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Flight From Inflation_Riegel

Flight From Inflation_Riegel

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Published by: trevinator on Oct 25, 2008
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 1
FLIGHT FROM INFLATION written by E. C. RIEGEL
CONTENTS (this page)Editorial Preface (starts on this page)IntroductionChapters1) Storm Winds of Inflation…………………………………….…..…….(page 9)2) A Monetary Rationale……………………………………….………..(page 13)3) Banking and Business Cycles……………………………….………...(page 21)4) Legal Counterfeit…………………………………………….………..(page 24)5) The Hazard Ahead................……………………………….………...(page 26)6) Toward a Natural Monetary System…………...…………….………..(page 30)7) Credit and Banking Under Monetary Freedom …………….…………(page 39)8) Omnibus Reform. ……………………………………………………..(page 42)9) Economic Democracy…………………………………………………(page 44)10) New Vistas...........……………………………………………………(page 46)Essays
What Do You Mean By "Dollars?" 
.....................…………………………(page 48)
Credit Limits Under the Valun System
……………………………………(page 50)
 Relativity of Values
………………………………………………………...(page 54)
The Future of Gold 
……………………………………………….………..(page 56)
Manarchy
……………………………………………………….…………(page 58)Selected Correspondence with separate index (starts page 61)Index (not included; go to edit, then find, or use your search function or press Ctrl + f keys simultaneously;type in the word and then press enter).
Editorial Preface
(Spencer H. MacCallum)
I MET E. C. RIEGEL in New York in 1953, on a visit up from Princeton where I was an undergraduate."Uncle Ned, " as his intimates called him, was a friend of my grandfather, Spencer Heath, and both wereresidents of Greenwich Village. Occasionally they would meet at the apartment of Mr. Riegel's friends,Major and Mrs. Ivan Firth. Here I met him, some months before his death. He suffered from the effects of Parkinson's disease, which made him appear older and more frail than his 74 years.My grandfather regarded Mr. Riegel as a genius for his understanding of the nature and functioning of money as a human and social institution. It was clear, however, that this old man had not revolutionized theworld with his ideas and could not now do so. The idea formed and grew in my mind that I should keep intouch with Mr. Riegel and the Firths, who were not much younger than he, in order to preserve his papersfrom being lost after his death. As to what might be done with them, I had no idea at the time. An intuitiontold me that they should be preserved.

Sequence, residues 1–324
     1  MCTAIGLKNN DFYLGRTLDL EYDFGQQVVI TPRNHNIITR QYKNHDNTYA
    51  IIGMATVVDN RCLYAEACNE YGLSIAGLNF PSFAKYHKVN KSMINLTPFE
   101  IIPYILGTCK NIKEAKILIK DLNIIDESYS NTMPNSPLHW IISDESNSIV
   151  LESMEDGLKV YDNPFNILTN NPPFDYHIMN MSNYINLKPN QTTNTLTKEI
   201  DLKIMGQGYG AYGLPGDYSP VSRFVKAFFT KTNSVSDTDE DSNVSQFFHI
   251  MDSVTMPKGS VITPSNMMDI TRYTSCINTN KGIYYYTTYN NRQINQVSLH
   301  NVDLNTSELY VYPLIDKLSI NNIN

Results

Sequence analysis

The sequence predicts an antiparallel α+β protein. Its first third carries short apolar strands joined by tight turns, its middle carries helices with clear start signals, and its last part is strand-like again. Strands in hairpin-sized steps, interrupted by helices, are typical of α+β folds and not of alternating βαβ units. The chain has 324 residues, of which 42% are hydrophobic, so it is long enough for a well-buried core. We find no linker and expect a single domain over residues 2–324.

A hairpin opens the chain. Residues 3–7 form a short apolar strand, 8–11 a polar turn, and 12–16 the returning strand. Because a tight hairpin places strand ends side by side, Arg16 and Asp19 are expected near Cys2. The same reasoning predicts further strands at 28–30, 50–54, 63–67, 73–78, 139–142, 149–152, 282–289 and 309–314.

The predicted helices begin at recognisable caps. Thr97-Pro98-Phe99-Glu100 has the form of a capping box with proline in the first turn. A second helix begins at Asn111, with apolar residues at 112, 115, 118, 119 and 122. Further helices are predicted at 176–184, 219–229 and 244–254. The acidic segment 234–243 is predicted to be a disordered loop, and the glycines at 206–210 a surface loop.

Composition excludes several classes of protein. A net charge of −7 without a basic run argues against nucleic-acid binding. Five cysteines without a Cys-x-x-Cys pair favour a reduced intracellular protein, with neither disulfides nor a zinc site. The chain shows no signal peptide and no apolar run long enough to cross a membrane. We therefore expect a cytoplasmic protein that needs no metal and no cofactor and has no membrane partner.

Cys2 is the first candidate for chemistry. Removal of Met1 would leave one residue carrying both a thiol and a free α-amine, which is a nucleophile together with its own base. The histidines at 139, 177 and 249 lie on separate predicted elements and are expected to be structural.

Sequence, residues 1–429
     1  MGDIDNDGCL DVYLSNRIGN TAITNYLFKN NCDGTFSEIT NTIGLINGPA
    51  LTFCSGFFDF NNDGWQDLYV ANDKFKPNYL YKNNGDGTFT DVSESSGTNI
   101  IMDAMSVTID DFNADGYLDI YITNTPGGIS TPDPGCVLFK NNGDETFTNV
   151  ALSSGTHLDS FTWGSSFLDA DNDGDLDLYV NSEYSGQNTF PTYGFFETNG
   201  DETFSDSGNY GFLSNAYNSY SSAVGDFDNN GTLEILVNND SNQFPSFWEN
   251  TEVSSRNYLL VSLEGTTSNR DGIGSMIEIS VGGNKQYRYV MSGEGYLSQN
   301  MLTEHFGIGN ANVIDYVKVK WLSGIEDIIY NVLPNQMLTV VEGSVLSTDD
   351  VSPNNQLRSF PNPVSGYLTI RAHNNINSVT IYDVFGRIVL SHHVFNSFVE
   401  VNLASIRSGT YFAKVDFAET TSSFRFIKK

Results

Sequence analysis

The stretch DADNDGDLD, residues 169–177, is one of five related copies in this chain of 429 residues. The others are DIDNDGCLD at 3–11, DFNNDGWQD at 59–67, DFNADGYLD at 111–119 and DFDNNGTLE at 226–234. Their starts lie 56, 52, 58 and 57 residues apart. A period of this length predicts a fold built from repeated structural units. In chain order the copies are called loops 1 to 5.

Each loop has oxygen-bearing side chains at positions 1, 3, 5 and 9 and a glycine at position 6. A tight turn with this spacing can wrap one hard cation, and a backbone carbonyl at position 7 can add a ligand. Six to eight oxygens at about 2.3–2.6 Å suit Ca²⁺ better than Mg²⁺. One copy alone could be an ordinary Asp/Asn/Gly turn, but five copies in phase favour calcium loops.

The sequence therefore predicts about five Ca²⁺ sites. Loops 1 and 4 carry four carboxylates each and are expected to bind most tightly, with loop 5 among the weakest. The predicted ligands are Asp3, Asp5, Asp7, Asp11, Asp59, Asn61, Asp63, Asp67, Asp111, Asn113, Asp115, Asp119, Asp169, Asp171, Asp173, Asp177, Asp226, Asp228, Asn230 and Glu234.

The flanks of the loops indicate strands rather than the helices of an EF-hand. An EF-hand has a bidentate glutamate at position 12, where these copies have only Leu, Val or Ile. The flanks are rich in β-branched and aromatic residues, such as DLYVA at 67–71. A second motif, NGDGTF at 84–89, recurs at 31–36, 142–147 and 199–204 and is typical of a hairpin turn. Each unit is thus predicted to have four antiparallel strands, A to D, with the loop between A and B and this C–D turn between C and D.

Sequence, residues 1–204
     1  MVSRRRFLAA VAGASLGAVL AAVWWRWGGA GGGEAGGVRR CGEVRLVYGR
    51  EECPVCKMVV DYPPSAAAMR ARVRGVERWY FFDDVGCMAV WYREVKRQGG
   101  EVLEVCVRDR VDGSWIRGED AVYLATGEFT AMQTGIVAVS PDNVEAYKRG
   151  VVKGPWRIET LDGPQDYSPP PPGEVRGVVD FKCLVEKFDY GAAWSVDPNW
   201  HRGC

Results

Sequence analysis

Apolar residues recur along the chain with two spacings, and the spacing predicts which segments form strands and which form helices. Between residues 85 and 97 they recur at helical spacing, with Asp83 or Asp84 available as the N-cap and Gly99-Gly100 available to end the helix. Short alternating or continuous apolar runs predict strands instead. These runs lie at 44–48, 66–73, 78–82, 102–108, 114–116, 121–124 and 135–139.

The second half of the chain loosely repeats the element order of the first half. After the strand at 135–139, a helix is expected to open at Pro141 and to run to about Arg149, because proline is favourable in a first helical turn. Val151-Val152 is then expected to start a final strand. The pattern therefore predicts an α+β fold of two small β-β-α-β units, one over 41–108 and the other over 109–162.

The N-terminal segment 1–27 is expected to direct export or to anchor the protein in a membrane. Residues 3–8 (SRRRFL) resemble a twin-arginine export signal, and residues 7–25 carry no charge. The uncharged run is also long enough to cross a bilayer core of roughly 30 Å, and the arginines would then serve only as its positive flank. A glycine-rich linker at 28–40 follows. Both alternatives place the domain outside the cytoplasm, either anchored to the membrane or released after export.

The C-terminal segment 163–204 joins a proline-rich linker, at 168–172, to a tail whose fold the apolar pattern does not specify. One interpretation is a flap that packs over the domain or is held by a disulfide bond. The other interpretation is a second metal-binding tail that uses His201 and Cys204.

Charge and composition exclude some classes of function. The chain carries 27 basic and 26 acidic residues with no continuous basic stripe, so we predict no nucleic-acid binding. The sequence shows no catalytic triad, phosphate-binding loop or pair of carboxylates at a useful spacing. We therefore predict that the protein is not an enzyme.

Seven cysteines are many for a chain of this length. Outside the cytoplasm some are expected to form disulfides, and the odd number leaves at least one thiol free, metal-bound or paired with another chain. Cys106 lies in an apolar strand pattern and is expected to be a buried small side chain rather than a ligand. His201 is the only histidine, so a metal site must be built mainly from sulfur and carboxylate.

2When "Uncle Ned" died some months later, his papers went to his friends, Ivan and Gladys Firth. I kept intouch with the Firths through my grandfather for the next ten years. Then, in 1963, in the same year that mygrandfather died, Major Firth died also. Gladys decided to move from her small apartment to still smaller quarters; moreover, it had been Ivan and not she who had understood and valued "Uncle Ned's" ideas. The papers were at the point of being discarded. Here was the moment I had foreseen. I paid Gladys Firth fivehundred dollars for Mr. Riegel's intellectual estate, and in moving from her apartment, she did an excellent job of collecting together every scrap of paper that related to him.With the papers safely in my possession, there was no pressure of time to look into them, and ten more yearswent by. With the papers had come a small stock of soft-cover books,
The New Approach to Freedom
, published by Mr. Riegel in 1949. I passed some of these to friends. Within this circle was Harry Browne,who was so much impressed with Mr. Riegel's explanation of the free market that he caused some excerptsto be reprinted and circulated. Years later, he mentioned it favorably in his best-selling book,
You Can Profit  from a Monetary Crisis --